What I’m growing: Beefsteak and Sweet 100 tomatoes, beets (“my mother-in-law loves them”), orange and blood-red marigolds, cucumbers (“so many that I’m sending them to work with my husband to give away”), basil, chives, sage, rosemary, Cubanelle peppers.
Next year: She plans to add butternut squash and heirloom tomatoes — “I love the dark purply ones.”
Why I’m here: Lee lives in a nearby apartment with a terrace and lots of planted plants, but she wanted a real garden. Two years ago, she founded a nonprofit called Earth to City (www.earthtocity.org), which provides five-day immersion programs for city dwellers in simple farming communities in Ecuador.
Learning curve: Though last year she was a newbie, Lee has proven to be a very fast learner. “I weaseled my way in and took over a weedy plot,” she says. Trying to grow corn in a small space is very ambitious, and her tomatoes look fantastic.
What I’m growing: Strawberries (they were still producing in late August), beets, broccoli (as a fall crop, in a spot where cilantro grew earlier in the summer), tomatoes, carrots, bush beans, one watermelon, corn (“I harvested it too late and ended up just making corn soup.” ) The rest will probably go into cornbread.
Next year: “I want to cut down on the amount of things and add more variety and less of each thing,” she says. Definitely beets, strawberries and beans again. Carrots? Probably not. “I don’t mind buying them at the supermarket and I’ll probably go back to that.”
Why I’m here: “I’ve got two new baby deer — I had three last year — and lots of shade,” she says, so it didn’t make sense to try to grow vegetables in her yard. She shares her plot with a friend, Beth Howard. Sharrett’s husband, Ken Kamber, also has a plot he shares with his friend Richard Eaton.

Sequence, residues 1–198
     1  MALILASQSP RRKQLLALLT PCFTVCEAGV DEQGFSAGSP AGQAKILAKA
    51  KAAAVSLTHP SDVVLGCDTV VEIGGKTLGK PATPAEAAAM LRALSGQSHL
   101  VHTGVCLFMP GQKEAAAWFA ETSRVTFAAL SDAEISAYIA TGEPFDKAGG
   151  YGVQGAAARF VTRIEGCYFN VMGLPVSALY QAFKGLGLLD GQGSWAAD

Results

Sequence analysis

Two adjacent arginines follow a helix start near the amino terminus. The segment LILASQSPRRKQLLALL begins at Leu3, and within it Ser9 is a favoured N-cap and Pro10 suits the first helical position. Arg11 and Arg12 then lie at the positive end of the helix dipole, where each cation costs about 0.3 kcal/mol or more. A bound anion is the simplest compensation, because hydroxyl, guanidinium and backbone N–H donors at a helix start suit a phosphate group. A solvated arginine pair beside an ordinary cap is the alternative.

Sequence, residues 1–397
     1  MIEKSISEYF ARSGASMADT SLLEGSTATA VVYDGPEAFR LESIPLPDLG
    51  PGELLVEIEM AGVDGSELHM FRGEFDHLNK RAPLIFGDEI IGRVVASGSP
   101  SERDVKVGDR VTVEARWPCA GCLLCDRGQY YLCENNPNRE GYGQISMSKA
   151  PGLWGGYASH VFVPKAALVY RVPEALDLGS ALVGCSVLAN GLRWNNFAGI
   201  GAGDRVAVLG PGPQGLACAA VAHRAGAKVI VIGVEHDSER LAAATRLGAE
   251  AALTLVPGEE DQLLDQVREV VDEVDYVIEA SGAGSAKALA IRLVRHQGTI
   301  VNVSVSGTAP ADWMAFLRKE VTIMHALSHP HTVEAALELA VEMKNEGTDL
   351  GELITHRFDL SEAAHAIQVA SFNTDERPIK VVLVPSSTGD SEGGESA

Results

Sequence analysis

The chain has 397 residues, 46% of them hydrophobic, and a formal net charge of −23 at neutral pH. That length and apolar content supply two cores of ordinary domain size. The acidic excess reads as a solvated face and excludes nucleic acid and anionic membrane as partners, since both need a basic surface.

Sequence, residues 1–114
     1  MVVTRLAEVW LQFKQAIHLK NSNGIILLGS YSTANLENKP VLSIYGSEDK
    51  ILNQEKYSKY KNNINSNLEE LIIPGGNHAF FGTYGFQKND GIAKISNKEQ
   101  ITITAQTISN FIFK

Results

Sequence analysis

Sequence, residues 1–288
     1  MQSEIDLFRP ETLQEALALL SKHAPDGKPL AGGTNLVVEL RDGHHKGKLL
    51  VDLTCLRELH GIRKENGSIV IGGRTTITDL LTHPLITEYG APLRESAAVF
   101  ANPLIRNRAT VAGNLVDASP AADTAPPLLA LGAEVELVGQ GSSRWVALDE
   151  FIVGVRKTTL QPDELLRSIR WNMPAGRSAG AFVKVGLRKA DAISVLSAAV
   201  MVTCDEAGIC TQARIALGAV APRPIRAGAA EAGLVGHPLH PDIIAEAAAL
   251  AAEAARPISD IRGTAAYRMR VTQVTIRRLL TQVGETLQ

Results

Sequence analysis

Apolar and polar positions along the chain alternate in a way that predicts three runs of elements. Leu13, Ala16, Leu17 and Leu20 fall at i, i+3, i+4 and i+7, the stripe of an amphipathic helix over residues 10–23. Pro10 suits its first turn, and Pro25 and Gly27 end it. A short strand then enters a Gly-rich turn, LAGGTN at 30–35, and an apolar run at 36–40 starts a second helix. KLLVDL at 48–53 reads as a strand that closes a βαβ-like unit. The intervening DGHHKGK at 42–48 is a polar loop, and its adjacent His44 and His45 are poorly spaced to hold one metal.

“Oh no, it’s not the least bit competitive,” Sharrett says with a laugh.
Sharrett, an accomplished mixed-media artist who works with lots of interesting materials (www.donnasharrett.com), gets bonus points for style and design — handmade wooden trellises, a tapestry of textures and shapes, and interesting little pathways and knots of cool color combinations.
Her plot is among the most handsome in the whole garden, even in late summer when most vegetable gardens begin to look ragged. “People say my garden looks like my artwork — let’s just say I don’t garden in straight rows.”
Learning curve: “I’ve gardened my whole life — and my father was raised on a farm,” says Sharrett, who is also a newly certified master gardener. “I’ve learned so much in the community garden, which proves you can always learn more about gardening.”
What I’m growing: Three kinds of tomatoes (‘Blondkopfchen,’ ‘Black Krim’ and ‘Kellogg’s Breakfast,’ which have been “unbelievable”), lemongrass, Thai curry leaf, epazote (a Mexican herb she has passed along to other gardeners), turnips, horseradish, eggplant, several kinds of basil, Malabar spinach, red Russian kale (“it’s been nonstop”), Swiss chard, Russian sage, edible marigolds, lettuces.
Next year: “I want to try fewer things — I grew a lot this year.” She’s also got seeds of extra-long Chinese green beans she’s itching to try.
Information: Ossining residents who want to participate next year should call the Joseph G. Caputo Community Center at 914-941-3189.